Labaik’s start is key to Grade One clash with Melon
Anibale Fly can highlight the first day for JP McManus at Punchestown festival
Jack Kennedy celebrates winning the Supreme Novices Hurdle at Cheltenham with Labaik. Will he “jump-off” at Punchestown? Photograph: INPHO/Dan Sheridan
The finish is invariably the most important part of any race, but when Labaik is involved no one’s going to miss the start either.
Punchestown’s festival will attract its share of rogues this week, but none more so than the Gordon Elliott-trained grey who proved lovable at least to those prepared to take a 25-1 chance at Cheltenham, although much less so to followers of Melon. Having beaten off everything else in the Supreme, Melon wound up trumped by a horse so enigmatic he makes the current White House incumbent seem boringly predictable.
Labaik brought to Cheltenham perhaps the most unimpressive CV ever seen at the festival having officially refused to race on four occasions. Prior to joining Elliott he even once stood in starting stalls and declined to move like the cigar-ad horse of old.
And it’s worth recalling he risked being banned from Cheltenham after only being persuaded to break into a gallop so late in a race at Naas in February that the rest of the field had long gone.
But whether it was Cheltenham’s atmosphere or some magic persuasion by his jockey Jack Kennedy, Labaik was on his best behaviour in the Supreme and duly showed the exceptional natural ability that Elliott has always maintained lurks underneath his range of psychological quirks.
Others close to the horse insist he is completely straightforward in every other regard bar the start, which, nevertheless, is inconvenient in a racehorse, and which assures that more than a trace of sulphur resonates around Labaik when he lines up in Tuesday’s Herald Champion Novice Hurdle.
Should he jump off and put his best foot forward Labaik’s Cheltenham form makes him favourite: but it’s just as likely he’ll plant his feet at the start and leave those taking short odds feeling cheated.
‘‘All we can do is hope he’s on another going day. He seems to be in great from,” Elliott said. “If he jumps off on terms he has a massive engine – but he has to jump off!”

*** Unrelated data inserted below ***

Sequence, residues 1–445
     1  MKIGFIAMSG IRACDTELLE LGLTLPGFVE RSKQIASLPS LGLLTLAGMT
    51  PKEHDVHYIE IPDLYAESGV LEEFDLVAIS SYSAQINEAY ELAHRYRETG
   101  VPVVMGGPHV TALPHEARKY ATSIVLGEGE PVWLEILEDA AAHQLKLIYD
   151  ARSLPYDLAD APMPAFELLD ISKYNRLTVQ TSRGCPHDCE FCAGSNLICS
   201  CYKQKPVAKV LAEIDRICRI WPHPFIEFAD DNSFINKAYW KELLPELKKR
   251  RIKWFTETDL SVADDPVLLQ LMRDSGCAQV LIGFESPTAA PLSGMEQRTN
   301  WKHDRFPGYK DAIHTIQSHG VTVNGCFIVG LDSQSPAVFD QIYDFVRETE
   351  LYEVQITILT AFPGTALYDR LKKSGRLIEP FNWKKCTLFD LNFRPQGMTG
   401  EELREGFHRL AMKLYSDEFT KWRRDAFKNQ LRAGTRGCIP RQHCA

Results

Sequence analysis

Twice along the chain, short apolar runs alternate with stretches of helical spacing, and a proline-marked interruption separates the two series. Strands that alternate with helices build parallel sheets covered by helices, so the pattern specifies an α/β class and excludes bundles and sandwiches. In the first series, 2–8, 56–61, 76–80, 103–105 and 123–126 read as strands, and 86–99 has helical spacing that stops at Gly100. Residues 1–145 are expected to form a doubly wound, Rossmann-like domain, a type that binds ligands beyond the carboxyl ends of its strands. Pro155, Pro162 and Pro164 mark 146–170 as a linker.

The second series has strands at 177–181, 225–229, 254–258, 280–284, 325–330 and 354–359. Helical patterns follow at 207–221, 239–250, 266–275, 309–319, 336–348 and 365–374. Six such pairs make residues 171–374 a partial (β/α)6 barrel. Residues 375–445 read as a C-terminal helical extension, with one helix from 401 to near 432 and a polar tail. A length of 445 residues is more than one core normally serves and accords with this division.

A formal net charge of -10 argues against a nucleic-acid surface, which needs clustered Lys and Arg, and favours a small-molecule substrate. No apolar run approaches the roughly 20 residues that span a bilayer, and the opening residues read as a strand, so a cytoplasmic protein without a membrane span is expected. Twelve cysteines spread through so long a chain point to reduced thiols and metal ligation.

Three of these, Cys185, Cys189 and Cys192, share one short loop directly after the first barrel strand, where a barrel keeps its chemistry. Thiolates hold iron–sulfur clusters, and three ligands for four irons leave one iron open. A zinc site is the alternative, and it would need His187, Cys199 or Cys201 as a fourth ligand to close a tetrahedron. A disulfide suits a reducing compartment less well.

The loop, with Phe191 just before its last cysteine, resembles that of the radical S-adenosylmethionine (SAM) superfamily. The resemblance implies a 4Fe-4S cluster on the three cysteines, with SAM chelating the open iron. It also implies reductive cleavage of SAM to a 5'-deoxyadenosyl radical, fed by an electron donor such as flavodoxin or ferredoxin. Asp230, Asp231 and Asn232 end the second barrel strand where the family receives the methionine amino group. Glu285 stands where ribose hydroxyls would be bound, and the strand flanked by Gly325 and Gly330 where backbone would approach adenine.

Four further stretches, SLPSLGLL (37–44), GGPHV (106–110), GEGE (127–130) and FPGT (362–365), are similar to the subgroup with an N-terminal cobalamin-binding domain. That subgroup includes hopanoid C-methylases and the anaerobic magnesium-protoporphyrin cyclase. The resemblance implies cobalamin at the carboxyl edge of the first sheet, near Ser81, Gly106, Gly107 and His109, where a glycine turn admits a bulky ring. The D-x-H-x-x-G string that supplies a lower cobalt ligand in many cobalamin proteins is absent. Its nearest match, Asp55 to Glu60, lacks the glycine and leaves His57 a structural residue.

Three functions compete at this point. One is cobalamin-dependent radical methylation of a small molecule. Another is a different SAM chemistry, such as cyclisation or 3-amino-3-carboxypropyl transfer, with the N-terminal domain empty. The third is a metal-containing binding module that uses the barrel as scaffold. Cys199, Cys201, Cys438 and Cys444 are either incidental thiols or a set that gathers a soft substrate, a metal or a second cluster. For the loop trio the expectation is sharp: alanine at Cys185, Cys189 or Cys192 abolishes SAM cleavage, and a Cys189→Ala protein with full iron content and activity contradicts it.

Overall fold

Perhaps the sight of Melon, and maybe even Forge Meadow, who won that Naas race in February, will encourage Labaik into positive action again, but he looks a proposition best left to “in-running” players.
Melon in contrast looks admirably straightforward, progressing significantly from his maiden to run so well at Cheltenham, and he looks the safest option to get Willie Mullins off to a Grade 1 festival flyer this week.
The reigning champion trainer has seven runners in total on day one compared to Elliott’s 11, and should Labaik jump off and win it really would indicate the title-challenger’s name is on the championship.
Elliott won’t have Mullins to contend with in the third Grade One of the day, the Growise Champion Novice Chase, and on his best form A Toi Phil has a chance, especially on decent ground.
He is one of a squad of four representing Michael O’Leary’s Gigginstown Stud team, with Disko appearing to be a worthy number one pick.
This is a horse that has beaten Our Duke and run a fine race to Yorkhill in Cheltenham’s JLT. There is, however, a slightly question-mark over the three-mile trip with him, and in the circumstances Anibale Fly could be an option instead.
These ground conditions will be no problem to a horse who scored over hurdles at last year’s festival, and will be very different to what Anibale Fly encountered in his last start at Navan in February behind Acapella Bourgeois.
Sandra Hughes’s runner would be a very popular winner, but Tony Martin’s stable has shown a return to form in recent weeks and Anibale Fly’s Drinmore form behind Coney Island gives him a good shout.
Tuesday’s other six-figure pot, the Goffs Land Rover Bumper, sees Elliott with two Gigginstown hopefuls, including Rapid Escape who changed hands for almost €280,000 after an impressive point-to-point success.
Jamie Codd rides, and his duel with Patrick Mullins for the amateur jockey’s crown is another fascinating twist to this week’s action. In the circumstances, then, it’s noteworthy that Mullins has opted to ride the course winner Early Doors rather than his father’s newcomer.
The Mullins team have Pique Sous running for them in the handicap hurdle while Veinard looks the Elliott pick. Veinard ran a fine race at Newbury in February, and was running on well behind Thomas Hobson at Fairyhouse last week. He doesn’t look to be hiding much from the handicapper though, and Roconga could be a very different proposition. The JP McManus runner hasn’t run over flights since winning on decent going at Killarney last summer, and is now almost a stone higher in the ratings for that.
However, Roconga is also now rated at 95 on the flat after a recent win at Cork, and looks a type who might only now be coming to his peak.